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Photo by Peter Paul Geoffrion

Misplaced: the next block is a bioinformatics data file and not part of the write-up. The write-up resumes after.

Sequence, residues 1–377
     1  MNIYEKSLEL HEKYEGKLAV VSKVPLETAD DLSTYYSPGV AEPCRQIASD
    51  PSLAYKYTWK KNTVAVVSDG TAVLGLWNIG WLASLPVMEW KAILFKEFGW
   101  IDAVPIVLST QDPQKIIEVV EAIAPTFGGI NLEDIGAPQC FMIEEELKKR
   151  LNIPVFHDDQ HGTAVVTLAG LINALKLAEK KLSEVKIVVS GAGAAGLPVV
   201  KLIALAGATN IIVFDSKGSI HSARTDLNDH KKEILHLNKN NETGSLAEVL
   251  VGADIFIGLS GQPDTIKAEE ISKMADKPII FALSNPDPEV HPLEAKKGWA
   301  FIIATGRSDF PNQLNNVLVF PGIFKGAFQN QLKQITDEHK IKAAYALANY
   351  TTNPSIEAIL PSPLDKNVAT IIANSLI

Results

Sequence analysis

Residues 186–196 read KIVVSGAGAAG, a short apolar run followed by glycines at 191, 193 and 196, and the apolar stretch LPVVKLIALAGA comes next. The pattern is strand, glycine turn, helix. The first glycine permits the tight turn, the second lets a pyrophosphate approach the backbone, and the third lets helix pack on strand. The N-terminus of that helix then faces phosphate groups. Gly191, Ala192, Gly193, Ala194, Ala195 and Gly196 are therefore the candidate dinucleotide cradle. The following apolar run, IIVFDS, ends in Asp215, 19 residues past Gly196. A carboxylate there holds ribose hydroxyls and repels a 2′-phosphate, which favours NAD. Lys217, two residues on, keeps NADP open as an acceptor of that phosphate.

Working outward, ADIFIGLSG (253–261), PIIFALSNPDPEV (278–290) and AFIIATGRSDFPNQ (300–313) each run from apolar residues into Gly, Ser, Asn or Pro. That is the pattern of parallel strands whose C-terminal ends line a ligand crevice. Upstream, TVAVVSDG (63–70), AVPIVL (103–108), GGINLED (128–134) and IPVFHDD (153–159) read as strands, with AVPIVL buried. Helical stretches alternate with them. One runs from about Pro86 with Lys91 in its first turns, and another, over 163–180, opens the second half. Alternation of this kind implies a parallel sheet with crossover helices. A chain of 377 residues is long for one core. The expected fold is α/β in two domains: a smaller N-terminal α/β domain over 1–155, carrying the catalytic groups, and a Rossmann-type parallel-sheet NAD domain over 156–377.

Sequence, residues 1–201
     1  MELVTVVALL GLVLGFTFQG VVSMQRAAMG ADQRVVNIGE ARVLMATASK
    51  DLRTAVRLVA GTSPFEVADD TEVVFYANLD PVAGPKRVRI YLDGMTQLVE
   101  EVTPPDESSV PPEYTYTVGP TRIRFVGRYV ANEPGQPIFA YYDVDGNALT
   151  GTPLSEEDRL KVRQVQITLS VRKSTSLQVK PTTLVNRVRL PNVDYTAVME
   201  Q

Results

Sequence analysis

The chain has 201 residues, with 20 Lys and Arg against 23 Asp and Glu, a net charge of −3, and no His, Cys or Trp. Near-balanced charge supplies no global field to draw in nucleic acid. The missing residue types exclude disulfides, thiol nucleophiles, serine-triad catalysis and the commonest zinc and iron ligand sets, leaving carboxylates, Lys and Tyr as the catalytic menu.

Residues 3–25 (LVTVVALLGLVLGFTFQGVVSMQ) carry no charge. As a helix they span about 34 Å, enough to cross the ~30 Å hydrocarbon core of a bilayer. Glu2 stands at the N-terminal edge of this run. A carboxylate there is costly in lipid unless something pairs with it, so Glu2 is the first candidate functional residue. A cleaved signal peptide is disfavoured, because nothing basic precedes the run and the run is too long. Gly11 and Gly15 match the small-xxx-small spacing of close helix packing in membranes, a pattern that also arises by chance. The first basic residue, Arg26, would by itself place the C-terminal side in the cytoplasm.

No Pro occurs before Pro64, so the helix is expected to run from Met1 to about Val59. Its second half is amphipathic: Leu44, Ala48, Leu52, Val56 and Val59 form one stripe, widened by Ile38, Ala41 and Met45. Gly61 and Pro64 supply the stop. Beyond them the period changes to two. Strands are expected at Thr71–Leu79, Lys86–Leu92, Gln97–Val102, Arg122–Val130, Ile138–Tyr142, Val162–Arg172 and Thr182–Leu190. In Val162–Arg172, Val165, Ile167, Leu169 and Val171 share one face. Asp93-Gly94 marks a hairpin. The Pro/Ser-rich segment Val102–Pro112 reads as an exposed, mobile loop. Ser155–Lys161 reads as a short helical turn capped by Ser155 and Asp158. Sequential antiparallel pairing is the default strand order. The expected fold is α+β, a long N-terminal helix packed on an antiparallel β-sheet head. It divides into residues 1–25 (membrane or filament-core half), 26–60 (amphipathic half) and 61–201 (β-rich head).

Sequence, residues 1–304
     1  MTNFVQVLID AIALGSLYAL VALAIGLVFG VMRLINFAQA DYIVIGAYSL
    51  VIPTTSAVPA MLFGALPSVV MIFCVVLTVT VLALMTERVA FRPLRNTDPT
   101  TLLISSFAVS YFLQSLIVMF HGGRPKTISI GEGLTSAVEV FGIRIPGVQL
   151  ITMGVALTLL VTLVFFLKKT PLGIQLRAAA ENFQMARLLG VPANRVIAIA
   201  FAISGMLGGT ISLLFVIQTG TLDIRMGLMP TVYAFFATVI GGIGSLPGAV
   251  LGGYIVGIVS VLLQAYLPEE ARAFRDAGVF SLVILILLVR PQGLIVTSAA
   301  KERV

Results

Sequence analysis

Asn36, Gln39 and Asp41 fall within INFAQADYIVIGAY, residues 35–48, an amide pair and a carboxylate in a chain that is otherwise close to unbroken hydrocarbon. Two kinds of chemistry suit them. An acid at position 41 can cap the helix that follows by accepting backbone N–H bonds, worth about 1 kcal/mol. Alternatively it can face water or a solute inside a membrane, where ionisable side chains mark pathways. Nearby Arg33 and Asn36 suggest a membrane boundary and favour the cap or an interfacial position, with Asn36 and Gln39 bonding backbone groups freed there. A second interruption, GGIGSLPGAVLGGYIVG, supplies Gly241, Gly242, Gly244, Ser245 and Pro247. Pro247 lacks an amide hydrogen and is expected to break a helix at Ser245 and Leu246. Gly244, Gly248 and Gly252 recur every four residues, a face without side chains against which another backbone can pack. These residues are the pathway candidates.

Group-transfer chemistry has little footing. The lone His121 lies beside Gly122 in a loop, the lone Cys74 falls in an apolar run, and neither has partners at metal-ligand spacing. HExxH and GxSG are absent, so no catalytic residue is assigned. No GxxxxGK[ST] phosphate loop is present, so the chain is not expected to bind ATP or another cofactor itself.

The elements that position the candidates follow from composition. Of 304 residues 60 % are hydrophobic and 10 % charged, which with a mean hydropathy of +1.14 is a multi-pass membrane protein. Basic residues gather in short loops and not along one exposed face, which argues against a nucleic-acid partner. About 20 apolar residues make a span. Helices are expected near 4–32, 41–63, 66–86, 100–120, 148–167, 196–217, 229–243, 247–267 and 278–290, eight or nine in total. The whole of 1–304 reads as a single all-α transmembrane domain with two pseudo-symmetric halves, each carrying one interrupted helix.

Artist:Polygnotos , attributed , Greek (Athenian), active 450-425 BCE Title:Red-figure calyx krater Date:460 - 450 BCE Medium:Ceramic Culture: Greek, Athenian Dimensions:18 1/8 x 18 5/16 x 18 5/16 in. (46 x 46.5 x 46.5 cm) Credit Line:The Duke Classical Collection, gift of Dr. and Mrs. James H. Semans; the Thomas and Virginia B. Semans Teaching Collection Accession number:DCC1964.27 Label Copy: Large and elaborately decorated, this monumental krater was prized by its original owner; in antiquity the krater was broken and repaired with pitch and small lead clamps. The gods pictured here are associated with agriculture. Triptolemus, riding in a winged chariot, departs to teach mankind the secrets of grain cultivation. To the right stand Persephone and Demeter, whose myth of loss and return explains the change of the seasons. Hecate, a goddess associated with the underworld and transitions, stands behind the chariot. All of these figures were celebrated during the Eleusinian mysteries. This festival reenacted the abduction of Persephone by the god Hades, who took her to the underworld. Persephone’s mother, Demeter, in her sorrow, caused winter to fall over the earth while she searched out her daughter. In her journeys she encountered both Triptolemus and Hecate who each offered aid. After Persephone was allowed to return and spend half of the year with her mother, fertility was restored. The goddess Hecate accompanies Persephone in her annual journey from the underworld.

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